Thanks to a translucent mirror that lets most light through onto the image sensor but also directs a portion onto the autofocus sensor, the A77 II can maintain continuous focusing during video capture. The camera also has a large distribution of focus points on its sensor, allowingittotrack a subject moving around more of your frame than most competing cameras with smaller areas of focus. With AF sensors over 80 percent of the Canon 70D's imaging chip, however, it also has a large autofocus zone.
We filmed various members of the Dewdrop Society band while playing, and the camera quickly and accurately picked out faces in the frame to keep them in focus. As we panned from the band on stage to a water bottle sitting in front of us, the A77 II shifted its focus to the bottle in a split second. We found this video focus and subject tracking comparable to that on the Canon 70D, and possibly even a tad faster.
Color rendering: very accurate
Overall the A77 II delivered true-to-life colors and solid contrast. You might have to wait a second when viewing playback on the LCD for the camera to finish processing the colors though. In our pictures of the diverse cast of Fuerza Bruta in a dark, harshly lit room, each member's skin tone was accurately rendered, and their colorful costumes popped. Color reproduction was accurate for the most part, with bright red lipstick and an orange jacket standing out against more neutral tones such as a pastel green dress.
In similar (though not identical) shots, the Canon provided warmer colors, which showed up mostly in oranges and reds, Some people may like that effect, but we found the Sony's hues more accurate. This is most evident when we compared the green jacket of a cast member in pictures taken with both cameras.
Design and handling: mostly good
We liked the tilting LCD on the A77 II, which could be twisted and turned in a wide variety of angles so you can frame odd shots. A nifty Function button next to the LCD monitor on the camera's back brings up a customizable menu for quick access to your favorite controls.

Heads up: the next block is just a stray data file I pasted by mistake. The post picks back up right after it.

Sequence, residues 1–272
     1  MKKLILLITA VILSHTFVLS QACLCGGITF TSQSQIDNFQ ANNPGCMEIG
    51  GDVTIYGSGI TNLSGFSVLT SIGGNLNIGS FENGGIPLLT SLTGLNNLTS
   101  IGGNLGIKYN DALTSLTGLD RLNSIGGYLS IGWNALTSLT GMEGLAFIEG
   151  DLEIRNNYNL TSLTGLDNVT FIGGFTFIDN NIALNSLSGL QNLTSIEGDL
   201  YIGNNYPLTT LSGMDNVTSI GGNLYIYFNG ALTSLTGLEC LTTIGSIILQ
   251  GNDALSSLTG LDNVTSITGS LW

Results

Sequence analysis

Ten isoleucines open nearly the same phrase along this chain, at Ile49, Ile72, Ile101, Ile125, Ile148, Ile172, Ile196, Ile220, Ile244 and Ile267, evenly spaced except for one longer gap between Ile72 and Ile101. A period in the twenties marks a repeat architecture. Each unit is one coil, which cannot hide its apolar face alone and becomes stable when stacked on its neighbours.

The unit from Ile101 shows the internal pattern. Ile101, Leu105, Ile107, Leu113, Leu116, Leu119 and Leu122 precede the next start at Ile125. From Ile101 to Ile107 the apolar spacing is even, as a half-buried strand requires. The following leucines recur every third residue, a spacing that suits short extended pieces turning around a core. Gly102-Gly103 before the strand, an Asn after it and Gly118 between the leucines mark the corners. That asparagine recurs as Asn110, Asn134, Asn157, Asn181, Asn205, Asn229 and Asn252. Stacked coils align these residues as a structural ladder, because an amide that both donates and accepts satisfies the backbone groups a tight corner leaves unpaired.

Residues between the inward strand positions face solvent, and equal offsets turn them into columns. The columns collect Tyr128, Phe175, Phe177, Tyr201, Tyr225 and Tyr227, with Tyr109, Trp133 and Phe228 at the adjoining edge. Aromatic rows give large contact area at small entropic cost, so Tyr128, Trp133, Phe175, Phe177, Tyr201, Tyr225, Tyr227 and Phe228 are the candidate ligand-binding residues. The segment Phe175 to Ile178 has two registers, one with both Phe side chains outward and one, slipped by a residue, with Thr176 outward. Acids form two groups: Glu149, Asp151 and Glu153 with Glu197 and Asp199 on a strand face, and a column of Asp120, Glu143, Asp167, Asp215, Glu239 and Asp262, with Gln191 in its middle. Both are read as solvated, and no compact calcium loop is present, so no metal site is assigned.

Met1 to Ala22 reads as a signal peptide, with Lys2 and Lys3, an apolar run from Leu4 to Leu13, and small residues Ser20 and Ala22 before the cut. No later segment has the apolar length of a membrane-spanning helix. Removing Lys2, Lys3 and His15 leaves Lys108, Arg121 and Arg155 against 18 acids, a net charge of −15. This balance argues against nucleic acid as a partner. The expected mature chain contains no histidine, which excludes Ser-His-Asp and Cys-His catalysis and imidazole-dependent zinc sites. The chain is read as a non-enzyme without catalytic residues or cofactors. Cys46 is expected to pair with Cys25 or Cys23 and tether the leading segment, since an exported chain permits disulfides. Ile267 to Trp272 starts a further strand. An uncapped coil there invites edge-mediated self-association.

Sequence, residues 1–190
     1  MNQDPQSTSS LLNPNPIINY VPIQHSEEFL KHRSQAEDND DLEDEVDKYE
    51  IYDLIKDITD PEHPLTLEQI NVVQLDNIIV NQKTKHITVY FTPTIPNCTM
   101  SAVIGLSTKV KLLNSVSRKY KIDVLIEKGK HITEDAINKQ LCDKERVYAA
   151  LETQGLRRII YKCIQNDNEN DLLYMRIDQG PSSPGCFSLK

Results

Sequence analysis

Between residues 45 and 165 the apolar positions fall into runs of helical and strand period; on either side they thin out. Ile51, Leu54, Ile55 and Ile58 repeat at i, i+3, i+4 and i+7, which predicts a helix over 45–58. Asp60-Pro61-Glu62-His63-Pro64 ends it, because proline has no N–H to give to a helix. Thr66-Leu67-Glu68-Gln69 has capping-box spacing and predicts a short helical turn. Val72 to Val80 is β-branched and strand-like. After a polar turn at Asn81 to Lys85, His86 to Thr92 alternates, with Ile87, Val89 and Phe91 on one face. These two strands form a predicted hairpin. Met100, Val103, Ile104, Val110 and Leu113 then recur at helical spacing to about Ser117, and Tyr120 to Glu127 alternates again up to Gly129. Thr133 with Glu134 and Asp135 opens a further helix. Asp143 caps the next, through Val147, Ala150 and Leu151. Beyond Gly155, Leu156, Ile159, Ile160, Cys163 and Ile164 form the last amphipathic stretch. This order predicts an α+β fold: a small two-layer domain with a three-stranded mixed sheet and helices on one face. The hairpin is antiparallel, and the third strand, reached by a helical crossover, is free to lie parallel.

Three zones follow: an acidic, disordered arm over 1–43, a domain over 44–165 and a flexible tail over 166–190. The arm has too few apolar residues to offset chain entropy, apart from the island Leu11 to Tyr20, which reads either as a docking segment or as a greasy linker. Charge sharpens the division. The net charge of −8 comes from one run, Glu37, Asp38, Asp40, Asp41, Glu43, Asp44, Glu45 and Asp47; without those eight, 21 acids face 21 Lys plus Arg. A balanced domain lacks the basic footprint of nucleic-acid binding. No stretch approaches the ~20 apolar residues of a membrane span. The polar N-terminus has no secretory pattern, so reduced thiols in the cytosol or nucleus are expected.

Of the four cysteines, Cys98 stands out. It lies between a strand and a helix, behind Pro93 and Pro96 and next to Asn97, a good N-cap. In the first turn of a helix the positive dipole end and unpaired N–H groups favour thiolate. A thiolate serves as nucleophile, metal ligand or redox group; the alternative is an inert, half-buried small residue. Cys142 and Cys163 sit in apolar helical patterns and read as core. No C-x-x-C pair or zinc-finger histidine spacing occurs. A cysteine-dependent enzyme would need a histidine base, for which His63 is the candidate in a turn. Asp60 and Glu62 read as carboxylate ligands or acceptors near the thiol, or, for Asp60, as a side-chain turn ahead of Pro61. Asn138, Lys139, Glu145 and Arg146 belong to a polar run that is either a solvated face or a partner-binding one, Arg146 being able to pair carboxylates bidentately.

One possible downside to the translucent mirror technology is that the a77 II uses an electronic viewfinder. Its true-to-life preview option means that you see ahead of time exactly what the shot will look like, but if you are shooting at a slow shutter speed, the preview will reflect this as well, with a slightly stuttering image when you pan across a shot.
The other option is to set the viewfinder so that it prioritizes brightness at the cost of accuracy in its preview. An optical viewfinder like the 70D's provides an unadulterated view that longtime photographers are most used to working with.
One thing we found finicky: The sensor that triggers the viewfinder and turns off the LCD monitor when you bring the camera to your face is oversensitive. The monitor would go off when we accidentally waved a hand about an inch away from the screen. Switching between the LCD monitor and the viewfinder also took a noticeable pause. (We have seen this problem in our reviews of other new Sony Cameras, including the Alpha a7, a7R and a6000.)
Sony's $1,200 A77 II packs superior light sensitivity, and appears to have equal or even better video focus speed and a wider range of object tracking than Canon's EOS 70D, for $150 less. We'll reserve judgement, however, until we get a unit to run through our full battery of tests. Those who prefer a traditional viewfinder may still find the 70D a better option, but Sony clearly has a winner with the A77 II.